• Pour into molds. As soon as trace is reached, immediately pour the batter into the molds.  If you take too long, soap will start forming and hardening right in the pot. Put your mold out of the way somewhere to let the soap saponify (turn into soap).  It will need to sit about 12-24 hours
  • Cure. After the waiting period, turn the soap bars out and store them in a ventilated spot such as an old tea towel on top of a dresser.  Allow to cure two weeks before using.

Video

https://youtu.be/Y0Ei6ty_oEU

Notes

Remember that this soap is not safe for skin.  It is much too drying.
Can be used to rub onto stains, clean spots on the carpet, or rubbed onto a damp cloth for cleaning counters, appliances, or anything else.  If you like homemade  laundry detergent, you can shred for that as well! 
New soapmakers, you need to be careful when working with lye.  Read this first.  
8 bars of off white soap

What makes this different from regular soap?

Homemade cleaning soap is one of the most useful products you can have to save money on cleaning supplies. Although it is way too harsh to use on your skin, is perfect for household chores

This is the easiest soap recipe you can make.  It is designed for making laundry and cleaning products.  it only contains coconut oil, water, and lye.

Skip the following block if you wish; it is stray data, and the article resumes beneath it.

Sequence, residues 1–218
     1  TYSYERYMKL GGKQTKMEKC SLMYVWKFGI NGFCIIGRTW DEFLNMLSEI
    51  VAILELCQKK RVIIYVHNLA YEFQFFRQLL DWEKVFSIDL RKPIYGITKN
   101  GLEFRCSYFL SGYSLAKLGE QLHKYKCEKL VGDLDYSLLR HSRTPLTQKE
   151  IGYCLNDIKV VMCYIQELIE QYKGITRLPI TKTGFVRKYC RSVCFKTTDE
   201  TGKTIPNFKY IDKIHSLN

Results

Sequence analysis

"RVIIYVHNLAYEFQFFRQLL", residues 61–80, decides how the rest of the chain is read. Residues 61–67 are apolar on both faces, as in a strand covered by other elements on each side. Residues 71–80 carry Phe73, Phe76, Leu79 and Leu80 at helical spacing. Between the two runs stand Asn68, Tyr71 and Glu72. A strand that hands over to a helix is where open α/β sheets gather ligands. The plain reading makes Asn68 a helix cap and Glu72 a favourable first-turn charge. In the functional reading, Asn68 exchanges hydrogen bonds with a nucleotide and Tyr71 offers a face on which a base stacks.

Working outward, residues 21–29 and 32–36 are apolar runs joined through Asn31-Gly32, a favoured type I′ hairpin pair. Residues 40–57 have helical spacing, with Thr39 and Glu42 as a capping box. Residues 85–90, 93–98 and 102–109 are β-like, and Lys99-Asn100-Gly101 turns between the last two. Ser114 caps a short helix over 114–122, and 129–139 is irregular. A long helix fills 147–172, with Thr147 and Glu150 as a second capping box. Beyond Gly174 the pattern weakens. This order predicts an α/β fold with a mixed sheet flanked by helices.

If you are new to soap making, you need to know that all soap is a combination of oils, water, and lye.  A chemical reaction occurs, and soap is produced.  At first it is a batter, then you pour into molds where it sits overnight and becomes a bar of soap.

The oils you choose affect the outcome of your soap.  Some are extra cleansing, some are moisturizing, etc. This recipe uses only coconut oil, the most drying and cleansing oil of all.  It is calculated to have NO superfat so that it doesn’t leave any type of residue.  (The things that make it terrible for your skin make it perfect for cleaning!)

This recipe contains no color and no fragrance.  When I mix it up into household cleaners I add fragrance at that point if I want it.  But you could certainly add fragrance and color to the soap batter.  

 

Tools and ingredients you’ll need:

Step by step

We begin, like with all soap recipes, by mixing up the lye and water. This will create fumes, so do this outside or near an open window. They will shoot up in temperature. Set it aside to cool in a safe place.

Next, melt the coconut oil over low heat on the stovetop. When it’s melted, it will look like any other cooking oil.

melted oil for soap in pot